During the past decade, industry and regulators around the world have been heavily focused on addressing the daunting challenges of assuring the quality of medicines across an increasingly globalized supply chain.
The recognition of the dimensions of these challenges and the significant resource limitations of industry and regulators to address them has driven the search for collaborations that will: ● enhance the flow of information ● foster harmonization around best inspection practices and GMP standards ● allow resource sharing in carrying out the needed regulatory oversight, and ● enhance the quality and availability of medicines around the world.
The story below is divided into five parts that explore various dimensions of the progress that has been made in developing these collaborations and what industry and regulators are working to accomplish as the new decade begins. There was a flurry of activity in the international inspection arena in the latter part of 2019 as reflected in the story’s components:
PART I focuses on a two-year pilot program announced in mid-December involving increased cooperation among the US, Europe, Australia, Japan, Canada, and the World Health Organization (WHO) in the oversight of sterile medicine manufacturing. The collaboration will allow the respective regulatory authorities to share information on inspections of sterile drug manufacturers who are located outside the participating countries and to organize joint inspections for manufacturing sites of common interest.
PART II provides the FDA vantage point on the development, scope, purpose, implementation, and potential expansion of the US/EU inspection mutual recognition agreement (MRA). Under the MRA, which entered its full implementation phase in July, US and EU regulators are now able to share confidential information and rely on each other’s surveillance inspections of human medicine manufacturing and distribution operations conducted in their own territories. The MRA implementation work is continuing with a view to expanding its effective scope to veterinary medicines, human vaccines, and plasma-derived medicinal products, and to the foreign inspection and pre-approval realms.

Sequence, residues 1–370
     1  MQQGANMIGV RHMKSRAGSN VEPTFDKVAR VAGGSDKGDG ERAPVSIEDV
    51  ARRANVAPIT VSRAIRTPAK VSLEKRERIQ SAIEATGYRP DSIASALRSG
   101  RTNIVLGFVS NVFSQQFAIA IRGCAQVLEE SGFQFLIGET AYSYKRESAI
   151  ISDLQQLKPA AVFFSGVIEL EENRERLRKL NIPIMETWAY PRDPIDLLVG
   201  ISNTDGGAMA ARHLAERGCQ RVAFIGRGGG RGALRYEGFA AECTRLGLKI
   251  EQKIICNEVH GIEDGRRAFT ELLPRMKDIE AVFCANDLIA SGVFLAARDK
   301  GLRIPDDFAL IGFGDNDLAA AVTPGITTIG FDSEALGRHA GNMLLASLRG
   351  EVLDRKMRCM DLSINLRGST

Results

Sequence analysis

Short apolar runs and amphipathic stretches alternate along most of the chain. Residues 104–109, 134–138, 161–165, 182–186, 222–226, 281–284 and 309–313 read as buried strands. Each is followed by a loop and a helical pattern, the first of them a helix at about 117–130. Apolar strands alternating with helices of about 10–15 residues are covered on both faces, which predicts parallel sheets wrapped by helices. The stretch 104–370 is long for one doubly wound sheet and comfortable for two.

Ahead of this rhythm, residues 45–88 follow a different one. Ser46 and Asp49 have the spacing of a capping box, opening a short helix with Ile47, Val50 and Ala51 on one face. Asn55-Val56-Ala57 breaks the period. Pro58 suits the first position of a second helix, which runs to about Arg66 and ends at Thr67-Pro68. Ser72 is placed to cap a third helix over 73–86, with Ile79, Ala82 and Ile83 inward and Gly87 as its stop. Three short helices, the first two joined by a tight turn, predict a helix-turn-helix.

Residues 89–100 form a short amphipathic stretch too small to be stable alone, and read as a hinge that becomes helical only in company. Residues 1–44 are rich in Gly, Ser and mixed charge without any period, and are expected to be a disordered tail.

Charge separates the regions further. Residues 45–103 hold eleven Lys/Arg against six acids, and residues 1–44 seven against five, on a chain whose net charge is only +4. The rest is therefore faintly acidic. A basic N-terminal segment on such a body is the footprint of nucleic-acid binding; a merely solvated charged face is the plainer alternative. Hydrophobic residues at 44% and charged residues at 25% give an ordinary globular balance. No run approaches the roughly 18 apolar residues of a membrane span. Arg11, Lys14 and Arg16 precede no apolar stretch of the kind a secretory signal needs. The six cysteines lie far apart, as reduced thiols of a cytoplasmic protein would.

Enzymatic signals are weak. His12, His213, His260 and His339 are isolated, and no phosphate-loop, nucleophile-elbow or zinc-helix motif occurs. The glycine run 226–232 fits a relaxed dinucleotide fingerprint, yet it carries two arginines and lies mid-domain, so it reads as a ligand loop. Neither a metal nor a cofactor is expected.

PART III draws from the discussion at a US Congressional hearing in December at which strong light was shed on the challenges that FDA and other regulatory agencies face in meeting their global oversight responsibilities – and why collaboration is an important component in their ability to address them. The hearing focused on FDA’s foreign drug inspection program and the ways it has been evolving in response to industry globalization and changes in law, regulatory policy and programs, and quality management understanding. Reviewed were the number of agency inspections conducted, inspection staffing levels, and the challenges unique to foreign inspections.
PART IV shifts the vantage point on the global inspection landscape to that of a European regulator. Provided are insights on: ● the role and importance of MRAs ● the EU experience with various MRA partnerships ● the development of the US/EU MRA – its scope, implementation phases, and impact to industry and regulators, and ● other regulatory harmonization and confidence building initiatives.
PART V offers insights on the US/EU and global inspection challenges and collaboration opportunities provided by surveys conducted by the European Federation of Pharmaceutical Industry Associations (EFPIA) and the Asia Pacific Economic Cooperation (APEC). The EFPIA survey, conducted annually, gathers data regarding GMP/GDP inspection activities and trends in the research-based industry, with the goal of highlighting inspection redundancies and promoting reliance, collaboration, and a harmonized risk-based approach in line with the standards developed through the Pharmaceutical Inspection Cooperation Scheme (PIC/S). APEC’s recent survey assesses the progress among its 21 member countries in inspection/GMP regulatory convergence.